Divorce and remarry

What does the Catholic Church say about attending the wedding of a person who was born and raised Catholic, is divorced and is going to remarry. I do not want alienate this person as they are a close relative. Can I attend the wedding?

Thanks…

Hi!

I’m not sure what the Church Teaches… when I was a child it was understood that a Catholic could not take part in a non-Catholic celebration (worship or otherwise); things were simple then… then there’s the “go with your conscience” phenomenon–the problem with that is that if our conscience is not well-formed (Catholic Faith and Doctrine) we can walk straight into hell and reason that “my conscience” is clear.

Consider this: are you aligning yourself with God or aligning yourself with your “loved” ones?

Jesus warned that He did not Come to bring “peace” to the world but “War.”

Jesus is speaking of Holy War.

He further states that there will be two working in a field and one will be taken and the other one left behind; three ladies working together, one taken and the others left behind; He even goes as far as the intimacy of the bedroom: two in a bed: one taken and the other left behind.

…St. Paul warns that a Christian should not be yoked to non-Christians…

The scene is set: choose Life, so that you shall live!

…while it may seem generous to attend this wedding, consider that you, as a Catholic, are saying that you recognize the wedding as valid.

Here’s what the Church has to say about the Sacrament of Marriage:

IV. THE EFFECTS OF THE SACRAMENT OF MATRIMONY

1638 "From a valid marriage arises a bond between the spouses which by its very nature is perpetual and exclusive; furthermore, in a Christian marriage the spouses are strengthened and, as it were, consecrated for the duties and the dignity of their state by a special sacrament."142

The marriage bond

1639 The consent by which the spouses mutually give and receive one another is sealed by God himself.143 From their covenant arises "an institution, confirmed by the divine law, . . . even in the eyes of society."144 The covenant between the spouses is integrated into God’s covenant with man: "Authentic married love is caught up into divine love."145

[size=]1640 Thus the marriage bond has been established by God himself in such a way that a marriage concluded and consummated between baptized persons can never be dissolved.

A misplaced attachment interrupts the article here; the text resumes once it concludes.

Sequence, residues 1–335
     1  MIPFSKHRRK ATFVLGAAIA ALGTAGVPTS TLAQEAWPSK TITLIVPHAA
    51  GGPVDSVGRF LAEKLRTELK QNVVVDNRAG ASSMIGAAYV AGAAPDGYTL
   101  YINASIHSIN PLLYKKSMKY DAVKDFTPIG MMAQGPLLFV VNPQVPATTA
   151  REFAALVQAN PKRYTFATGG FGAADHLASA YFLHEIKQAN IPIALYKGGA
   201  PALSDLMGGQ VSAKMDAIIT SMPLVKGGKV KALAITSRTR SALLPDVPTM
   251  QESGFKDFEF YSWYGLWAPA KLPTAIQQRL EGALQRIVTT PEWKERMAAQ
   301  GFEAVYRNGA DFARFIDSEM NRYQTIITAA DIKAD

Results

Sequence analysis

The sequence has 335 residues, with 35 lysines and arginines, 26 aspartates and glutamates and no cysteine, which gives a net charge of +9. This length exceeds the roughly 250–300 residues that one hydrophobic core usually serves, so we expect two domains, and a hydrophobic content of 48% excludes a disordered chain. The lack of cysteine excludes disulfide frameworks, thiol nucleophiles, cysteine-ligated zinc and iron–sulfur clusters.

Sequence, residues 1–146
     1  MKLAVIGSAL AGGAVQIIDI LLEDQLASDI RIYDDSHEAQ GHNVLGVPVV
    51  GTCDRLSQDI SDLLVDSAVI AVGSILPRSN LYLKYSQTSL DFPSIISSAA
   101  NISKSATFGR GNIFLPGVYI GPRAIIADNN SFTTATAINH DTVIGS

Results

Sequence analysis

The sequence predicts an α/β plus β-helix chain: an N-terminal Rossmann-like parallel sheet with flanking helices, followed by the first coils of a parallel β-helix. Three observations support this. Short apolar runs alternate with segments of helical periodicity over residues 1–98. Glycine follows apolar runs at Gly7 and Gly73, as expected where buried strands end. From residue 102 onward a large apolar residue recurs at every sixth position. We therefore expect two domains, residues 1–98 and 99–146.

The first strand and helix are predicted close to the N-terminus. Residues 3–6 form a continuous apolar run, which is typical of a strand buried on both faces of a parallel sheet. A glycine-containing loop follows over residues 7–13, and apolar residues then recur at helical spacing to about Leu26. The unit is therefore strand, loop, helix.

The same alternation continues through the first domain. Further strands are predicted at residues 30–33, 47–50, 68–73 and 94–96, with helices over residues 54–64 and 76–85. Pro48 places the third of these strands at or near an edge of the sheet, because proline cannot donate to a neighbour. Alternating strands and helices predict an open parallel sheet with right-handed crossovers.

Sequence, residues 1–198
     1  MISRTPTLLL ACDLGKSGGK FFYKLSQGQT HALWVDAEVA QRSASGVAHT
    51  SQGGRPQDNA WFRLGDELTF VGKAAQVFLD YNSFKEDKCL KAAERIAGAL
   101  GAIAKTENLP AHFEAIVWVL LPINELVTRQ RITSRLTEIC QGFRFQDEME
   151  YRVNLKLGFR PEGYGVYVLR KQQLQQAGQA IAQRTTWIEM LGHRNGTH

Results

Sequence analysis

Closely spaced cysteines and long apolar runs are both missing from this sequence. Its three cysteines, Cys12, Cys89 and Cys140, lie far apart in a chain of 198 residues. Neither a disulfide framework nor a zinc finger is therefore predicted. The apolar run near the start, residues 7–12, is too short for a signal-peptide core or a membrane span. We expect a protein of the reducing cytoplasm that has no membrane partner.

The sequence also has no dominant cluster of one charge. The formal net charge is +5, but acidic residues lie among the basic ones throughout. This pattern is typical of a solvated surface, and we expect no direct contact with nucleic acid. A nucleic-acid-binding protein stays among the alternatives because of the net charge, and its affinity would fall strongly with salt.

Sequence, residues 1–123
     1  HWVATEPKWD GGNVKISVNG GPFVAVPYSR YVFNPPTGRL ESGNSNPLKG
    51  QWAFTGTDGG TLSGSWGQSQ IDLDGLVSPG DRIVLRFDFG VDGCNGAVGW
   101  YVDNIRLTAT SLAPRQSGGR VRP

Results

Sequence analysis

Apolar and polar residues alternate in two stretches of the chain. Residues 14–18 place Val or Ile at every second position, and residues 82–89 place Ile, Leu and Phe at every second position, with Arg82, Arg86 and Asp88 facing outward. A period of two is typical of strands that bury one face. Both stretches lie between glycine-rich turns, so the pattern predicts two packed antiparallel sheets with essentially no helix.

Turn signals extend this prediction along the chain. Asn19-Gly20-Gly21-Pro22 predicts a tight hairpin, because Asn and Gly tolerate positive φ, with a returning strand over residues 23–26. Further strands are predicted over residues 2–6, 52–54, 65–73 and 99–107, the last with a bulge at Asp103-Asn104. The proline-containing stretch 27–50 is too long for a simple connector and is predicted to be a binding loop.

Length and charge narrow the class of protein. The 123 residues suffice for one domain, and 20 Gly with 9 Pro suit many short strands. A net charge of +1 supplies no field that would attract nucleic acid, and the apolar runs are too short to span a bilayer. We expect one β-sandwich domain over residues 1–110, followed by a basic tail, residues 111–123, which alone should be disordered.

This bond, which results from the free human act of the spouses and their consummation of the marriage, is a reality, henceforth irrevocable, and gives rise to a covenant guaranteed by God’s fidelity. The Church does not have the power to contravene this disposition of divine wisdom.146 (vatican.va/archive/ccc_css/archive/catechism/p2s2c3a7.htm)

[FONT=“Palatino Linotype”]***Merry Christmas!***Maran atha!

Angel[/size][/FONT]

I am guessing that you are speaking of a wedding outside the Church of a divorced person who has not received an annulment from the Church.

Catholic Answers apologist Michelle Arnold discusses this at:

catholic.com/blog/michelle-arnold/to-attend-or-not-to-attend

It doesn’t seem prudent to attend. They are still married to their spouse and in essence you would be celebrating adultery, not love, sadly.

That is not to say you have to be cold or cruel about it, and they aren’t monsters, just sinners like the rest of us.

Would you rather alienate yourself from God or this relative? By attending you are in effect affirming that what they are doing is right and the Church is wrong.

This is a matter of prudential judgment not sin for you. If not attending would do more damage to your relationship with family, it’s better to attend than not. However, you shouldn’t take on an active role, such as a formal witness. Now days people don’t care what anyone’s church says they can and cannot do and will not judge the matter by that criteria. They only judge it according to your relationship with the couple/family. However, if your absence would actually make them rethink getting married outside the Church, that would be the best choice. Still, that’s not usually the reaction you’d receive. You’re in the situation with this close relative, so only you can best judge what you should do. Of course, you may talk to your priest about it beforehand. However, he probably would tell you the same thing since it’s not a matter of sin but of making the best choice under the circumstances.

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